The small, modern town of CHACHAPOYAS, at 2334m high up in the Andes, is first and foremost a springboard for a wealth of nearby pre-Columbian remains. With the opening up of the road networks in these parts, Chachapoyas has developed into a thriving little market town (with a wide range of fruits and veggies, some craft goods, and some smaller woollen accessories such as straps and belts), supporting a mostly indigenous population of around ten thousand, themselves with a reputation for being among the most friendly and hospitable people in Peru.
The nearest ruins to Chachapoyas include the ruined city of Purunllacta – 40km south of the city and one of the likely capitals of the Chachapoyas people – while west are Pueblo de los Muertos and Carajía, two impressive cliff-face burial centres for the elite of this quite sophisticated culture. However, most famous and most worthwhile of all the Chachapoyan archeological remains is Kuelap, a fabulous, huge citadel complex. South of here lie Balsas and Leymebamba. To some extent, the ancient culture lives on in some of the remote, traditional communities like La Jalca, 76km south of Chachapoyas.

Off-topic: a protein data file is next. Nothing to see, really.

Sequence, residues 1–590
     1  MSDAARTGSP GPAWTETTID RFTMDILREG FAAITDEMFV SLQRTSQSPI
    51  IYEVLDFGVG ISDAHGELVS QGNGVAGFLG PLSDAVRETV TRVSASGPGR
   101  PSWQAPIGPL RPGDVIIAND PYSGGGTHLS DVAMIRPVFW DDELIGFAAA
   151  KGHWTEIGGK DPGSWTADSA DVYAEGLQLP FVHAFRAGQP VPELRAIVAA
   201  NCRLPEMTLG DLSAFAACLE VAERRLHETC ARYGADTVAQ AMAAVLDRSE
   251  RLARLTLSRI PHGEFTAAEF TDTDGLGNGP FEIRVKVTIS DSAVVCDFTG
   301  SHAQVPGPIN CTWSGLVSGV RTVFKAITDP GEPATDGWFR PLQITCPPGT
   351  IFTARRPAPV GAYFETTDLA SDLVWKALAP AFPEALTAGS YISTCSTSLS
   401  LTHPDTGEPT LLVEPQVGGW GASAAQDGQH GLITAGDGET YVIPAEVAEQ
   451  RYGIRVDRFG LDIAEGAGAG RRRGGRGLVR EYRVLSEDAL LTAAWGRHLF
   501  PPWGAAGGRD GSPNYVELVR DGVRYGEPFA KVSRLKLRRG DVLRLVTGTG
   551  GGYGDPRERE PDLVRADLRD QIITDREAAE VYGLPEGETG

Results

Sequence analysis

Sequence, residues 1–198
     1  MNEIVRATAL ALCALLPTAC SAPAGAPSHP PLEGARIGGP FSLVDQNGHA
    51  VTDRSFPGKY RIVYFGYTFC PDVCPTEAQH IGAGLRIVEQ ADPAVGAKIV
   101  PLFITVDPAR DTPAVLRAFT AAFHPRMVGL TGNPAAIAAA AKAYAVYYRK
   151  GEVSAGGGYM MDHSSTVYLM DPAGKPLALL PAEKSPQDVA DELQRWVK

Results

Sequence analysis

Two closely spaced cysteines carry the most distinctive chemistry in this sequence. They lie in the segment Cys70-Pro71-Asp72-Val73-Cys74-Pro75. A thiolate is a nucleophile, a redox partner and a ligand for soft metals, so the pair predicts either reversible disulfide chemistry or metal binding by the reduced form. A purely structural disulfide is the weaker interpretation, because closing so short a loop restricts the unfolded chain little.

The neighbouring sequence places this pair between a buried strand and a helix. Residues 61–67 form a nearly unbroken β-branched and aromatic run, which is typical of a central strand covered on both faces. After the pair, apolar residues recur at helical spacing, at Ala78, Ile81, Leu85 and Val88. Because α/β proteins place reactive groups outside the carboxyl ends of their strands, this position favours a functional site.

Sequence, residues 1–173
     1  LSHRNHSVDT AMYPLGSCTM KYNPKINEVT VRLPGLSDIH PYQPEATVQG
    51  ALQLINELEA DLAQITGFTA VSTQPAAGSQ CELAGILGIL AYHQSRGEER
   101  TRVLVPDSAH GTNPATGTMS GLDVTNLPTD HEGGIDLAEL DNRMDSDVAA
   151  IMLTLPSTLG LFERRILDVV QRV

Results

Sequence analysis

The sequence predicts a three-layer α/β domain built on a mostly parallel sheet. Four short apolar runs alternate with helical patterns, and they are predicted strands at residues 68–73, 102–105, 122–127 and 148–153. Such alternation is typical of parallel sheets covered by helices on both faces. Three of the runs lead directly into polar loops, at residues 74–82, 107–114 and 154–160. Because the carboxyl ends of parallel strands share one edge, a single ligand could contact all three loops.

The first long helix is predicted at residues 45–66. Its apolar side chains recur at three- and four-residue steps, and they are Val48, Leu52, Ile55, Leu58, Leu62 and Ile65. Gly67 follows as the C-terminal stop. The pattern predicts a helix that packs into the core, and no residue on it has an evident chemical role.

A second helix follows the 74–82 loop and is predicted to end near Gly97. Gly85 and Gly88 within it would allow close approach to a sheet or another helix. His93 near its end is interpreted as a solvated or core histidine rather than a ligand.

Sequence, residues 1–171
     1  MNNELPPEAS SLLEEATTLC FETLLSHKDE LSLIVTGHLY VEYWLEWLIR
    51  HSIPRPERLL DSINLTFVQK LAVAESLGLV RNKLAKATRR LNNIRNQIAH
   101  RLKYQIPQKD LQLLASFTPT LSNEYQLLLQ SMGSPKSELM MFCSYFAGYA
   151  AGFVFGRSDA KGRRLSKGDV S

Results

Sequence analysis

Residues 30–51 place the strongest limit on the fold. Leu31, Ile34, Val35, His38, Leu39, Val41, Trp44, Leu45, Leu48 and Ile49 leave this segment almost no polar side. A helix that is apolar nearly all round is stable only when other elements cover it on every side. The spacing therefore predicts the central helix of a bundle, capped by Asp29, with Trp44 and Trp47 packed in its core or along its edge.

Much of the land in the Chachapoyas region is full of ravines and very steep sided valleys. All land over 3500m is considered jalca, or wild, and should be approached only with a guide. Spectacled bear, puma and white-tailed deer roam while hummingbirds flutter about in the remote highland plains. Less than 30km north of Chachapoyas Town gush the fabulous Cataratas de Gocta, reputedly the tallest in Peru.
In Aymara, Chachapoyas means “the cloud people”, perhaps a description of the fair-skinned tribes who used to dominate this region, living in one of at least seven major cities (like Kuelap, Magdalena and Purunllacta), each one located high up above the Utcubamba Valley or a tributary of this, on prominent, dramatic peaks and ridges. Many of the local inhabitants still have light-coloured hair and remarkably pale faces. The Chachapoyas people, despite building great fortifications, were eventually subdued by the empire-building Incas. Chachapoyas was once a colonial possession rich with gold and silver mines as well as extremely fertile alluvial soil, before falling into decline during the Republican era.